Veterans pay the cost for U.S. nuclear tests

RICHLAND, Wash. — When Tim Snider arrived on Enewetak Atoll in the middle of the Pacific Ocean to clean up the fallout from dozens of nuclear tests on the ring of coral islands, Army officers immediately ordered him to put on a respirator and a bright yellow suit designed to guard against plutonium poisoning.

A military film crew snapped photos and shot movies of Snider, a 20-year-old Air Force radiation technician, in the crisp new safety gear. Then he was ordered to give all the gear back. He spent the rest of his four-month stint on the islands wearing only cutoff shorts and a floppy sun hat.

"I never saw one of those suits again," Snider, now 58, said in an interview in his kitchen here as he thumbed a yellowing photo he still has from the 1979 shoot. "It was just propaganda."

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Today, Snider has tumors on his ribs, spine and skull — which he thinks resulted from his work on the crew, in the largest nuclear cleanup ever undertaken by the U.S. military.

Roughly 4,000 troops helped clean up the atoll between 1977 and 1980. Like Snider, most did not even wear shirts, let alone respirators. Hundreds say they are now plagued by health problems, including brittle bones, cancer and birth defects in their children. Many are already dead. Others are too sick to work.

The military says there is no connection between these illnesses and the cleanup. Radiation exposure during the work fell well below recommended thresholds, it says, and safety precautions were top notch. So the government refuses to pay for the veterans' medical care.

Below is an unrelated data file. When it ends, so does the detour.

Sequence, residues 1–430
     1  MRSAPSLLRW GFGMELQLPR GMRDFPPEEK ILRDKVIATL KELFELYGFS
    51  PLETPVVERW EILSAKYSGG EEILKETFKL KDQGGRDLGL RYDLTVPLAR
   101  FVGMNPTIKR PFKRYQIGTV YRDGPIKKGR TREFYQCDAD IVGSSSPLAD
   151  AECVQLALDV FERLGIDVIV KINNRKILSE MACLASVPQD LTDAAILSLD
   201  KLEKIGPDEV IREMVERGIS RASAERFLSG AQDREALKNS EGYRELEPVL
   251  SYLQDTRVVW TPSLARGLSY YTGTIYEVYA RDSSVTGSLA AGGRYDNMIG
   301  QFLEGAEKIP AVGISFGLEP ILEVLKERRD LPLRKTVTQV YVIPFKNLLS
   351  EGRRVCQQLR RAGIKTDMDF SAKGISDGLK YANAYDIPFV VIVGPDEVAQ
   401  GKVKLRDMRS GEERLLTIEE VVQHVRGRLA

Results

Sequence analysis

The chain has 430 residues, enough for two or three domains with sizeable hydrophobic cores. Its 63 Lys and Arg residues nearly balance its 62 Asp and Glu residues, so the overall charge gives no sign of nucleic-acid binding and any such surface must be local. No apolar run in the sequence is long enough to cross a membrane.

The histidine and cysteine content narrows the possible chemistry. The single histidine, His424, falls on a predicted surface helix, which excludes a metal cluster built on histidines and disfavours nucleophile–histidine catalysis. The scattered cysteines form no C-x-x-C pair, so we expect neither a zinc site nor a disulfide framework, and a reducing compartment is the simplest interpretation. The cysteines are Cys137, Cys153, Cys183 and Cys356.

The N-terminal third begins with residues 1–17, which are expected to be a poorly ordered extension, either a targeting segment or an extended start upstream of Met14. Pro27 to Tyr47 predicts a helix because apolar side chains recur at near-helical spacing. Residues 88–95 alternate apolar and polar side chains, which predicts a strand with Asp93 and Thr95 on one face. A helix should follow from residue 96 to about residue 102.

Congress long ago recognized that troops were harmed by radiation on Enewetak during the original atomic tests, which occurred in the 1950s, and should be cared for and compensated. Still, it has failed to do the same for the men who cleaned up the toxic debris 20 years later. The disconnect continues a long-standing pattern in which the government has shrugged off responsibility for its nuclear mistakes.

On one cleanup after another, veterans have been denied care because shoddy or intentionally false radiation monitoring was later used as proof that there was no radiation exposure.

A report by The New York Times last spring found that veterans were exposed to plutonium during the cleanup of a 1966 accident involving U.S. hydrogen bombs in Palomares, Spain. Declassified documents and a recent study by the Air Force said the men might have been poisoned and needed new testing.

But in the months since the report, nothing has been done to help them.

For two years, the Enewetak veterans have been trying, without success, to win medical benefits from Congress through a proposed Atomic Veterans Healthcare Parity Act. Some lawmakers hope to introduce a bill this year, but its fate is uncertain. Now, as new cases of cancer emerge nearly every month, many of the men wonder how much longer they can wait.

‘Plutonium problems’

The cleanup of Enewetak has long been portrayed as a triumph. During the operation, officials told reporters that they were setting a new standard in safety. One report from the end of the cleanup said safety was so strict that "it would be difficult to identify additional radsafe precautions that could have been taken."

Documents from the time and interviews with dozens of veterans tell a different story.

Most of the documents were declassified and made publicly available in the 1990s, along with millions of pages of other files relating to nuclear testing, and sat unnoticed for years. They show that the government used troops instead of professional nuclear workers to save money. Then it saved even more money by skimping on safety precautions.